"Teens deserve to know that condoms do not provide complete protection from STDs," Huber said. "Parents and community leaders need to use the information from the CDC to begin an honest conversation with young people about the dangers of casual sex, and Congress must continue investing in abstinence education programs."

Linda Klepacki, a sexual health analyst for Focus on the Family Action, said the abstinence message is being left out of the discussion at conferences such as the one in Chicago where the CDC results were released.

"With such high disease rates in teenagers, we're just missing a tremendous opportunity to talk to them about the benefits of being abstinent until marriage," Klepacki told Family News in Focus. "This is the time to teach kids about personal accountability and abstinence education. As it looks from this conference, the CDC is not grabbing that opportunity and taking it."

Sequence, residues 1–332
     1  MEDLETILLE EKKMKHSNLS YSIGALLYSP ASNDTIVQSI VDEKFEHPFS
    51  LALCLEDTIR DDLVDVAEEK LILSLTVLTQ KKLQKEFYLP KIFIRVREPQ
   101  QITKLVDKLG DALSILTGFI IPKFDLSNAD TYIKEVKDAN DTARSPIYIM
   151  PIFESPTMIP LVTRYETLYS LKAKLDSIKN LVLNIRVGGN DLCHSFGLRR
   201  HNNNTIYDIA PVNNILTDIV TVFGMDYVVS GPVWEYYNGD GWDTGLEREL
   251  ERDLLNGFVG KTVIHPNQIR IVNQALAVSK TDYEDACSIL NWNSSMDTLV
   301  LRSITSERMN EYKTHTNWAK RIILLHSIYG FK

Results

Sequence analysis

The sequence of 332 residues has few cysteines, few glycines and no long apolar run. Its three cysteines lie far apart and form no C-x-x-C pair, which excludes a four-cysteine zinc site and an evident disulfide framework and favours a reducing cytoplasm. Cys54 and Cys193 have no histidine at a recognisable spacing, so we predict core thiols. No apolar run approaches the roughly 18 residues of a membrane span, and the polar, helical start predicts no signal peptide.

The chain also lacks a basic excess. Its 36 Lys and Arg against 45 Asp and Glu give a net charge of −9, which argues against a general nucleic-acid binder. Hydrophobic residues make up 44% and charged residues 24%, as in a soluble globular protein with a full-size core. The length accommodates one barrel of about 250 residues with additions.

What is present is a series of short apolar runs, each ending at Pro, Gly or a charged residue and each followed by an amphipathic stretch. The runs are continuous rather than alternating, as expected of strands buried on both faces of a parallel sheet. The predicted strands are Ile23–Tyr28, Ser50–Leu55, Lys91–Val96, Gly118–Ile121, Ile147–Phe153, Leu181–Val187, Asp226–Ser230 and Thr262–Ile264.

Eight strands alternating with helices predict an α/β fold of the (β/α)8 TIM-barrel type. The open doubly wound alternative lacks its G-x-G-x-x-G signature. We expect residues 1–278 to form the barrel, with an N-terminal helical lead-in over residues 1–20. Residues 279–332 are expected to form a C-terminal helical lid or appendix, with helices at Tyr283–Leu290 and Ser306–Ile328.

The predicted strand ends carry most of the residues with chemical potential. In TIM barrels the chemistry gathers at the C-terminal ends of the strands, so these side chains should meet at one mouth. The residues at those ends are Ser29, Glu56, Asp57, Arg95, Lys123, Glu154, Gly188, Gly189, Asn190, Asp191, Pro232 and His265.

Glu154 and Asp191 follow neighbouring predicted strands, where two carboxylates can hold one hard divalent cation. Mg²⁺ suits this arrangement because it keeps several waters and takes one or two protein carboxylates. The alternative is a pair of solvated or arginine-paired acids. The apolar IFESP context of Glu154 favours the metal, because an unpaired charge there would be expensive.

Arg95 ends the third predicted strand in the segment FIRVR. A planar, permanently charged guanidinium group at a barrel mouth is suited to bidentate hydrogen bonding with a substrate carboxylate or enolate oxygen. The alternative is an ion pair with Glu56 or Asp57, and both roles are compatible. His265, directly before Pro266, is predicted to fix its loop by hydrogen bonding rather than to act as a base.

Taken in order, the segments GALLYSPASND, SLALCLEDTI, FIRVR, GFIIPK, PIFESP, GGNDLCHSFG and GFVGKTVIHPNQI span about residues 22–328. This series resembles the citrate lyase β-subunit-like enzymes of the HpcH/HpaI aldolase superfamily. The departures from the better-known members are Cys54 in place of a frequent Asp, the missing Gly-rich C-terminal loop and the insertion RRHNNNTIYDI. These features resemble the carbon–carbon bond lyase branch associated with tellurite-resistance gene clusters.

Klepacki said that after the government funds education to assist children in becoming sexually active — what is known as comprehensive sex education — the taxpayers have to pay $15.5 billion more per year for health care to take care of STDs.

The CDC, in releasing the study, underscored the need to strengthen screening, vaccination and other prevention measures for the diseases. About 19 million new sexually transmitted infections occur yearly among all age groups in the United States, The New York Times noted.

"Instead of costly 'screening, vaccination, and other prevention strategies,'" Hester told BP, "educating students, challenging them to make a commitment to abstain, and following up to support and encourage appropriate behavior should be our highest public health priority."

Planned Parenthood, meanwhile, placed the blame for the high infection rates among teenage girls on abstinence programs, saying the study results "emphasize the need for real comprehensive sex education."

"The national policy of promoting abstinence-only programs is a $1.5 billion failure, and teenage girls are paying the real price," Cecile Richards, president of the Planned Parenthood Federation of America, told The Times.

The Food and Drug Administration has said condoms are "highly effective" at preventing infection by chlamydia, trichomoniasis, HIV, gonorrhea and hepatitis B, The Times reported, but the agency also said condoms are less effective against herpes and syphilis. Protection against HPV, the FDA said, "is partial at best" with condoms.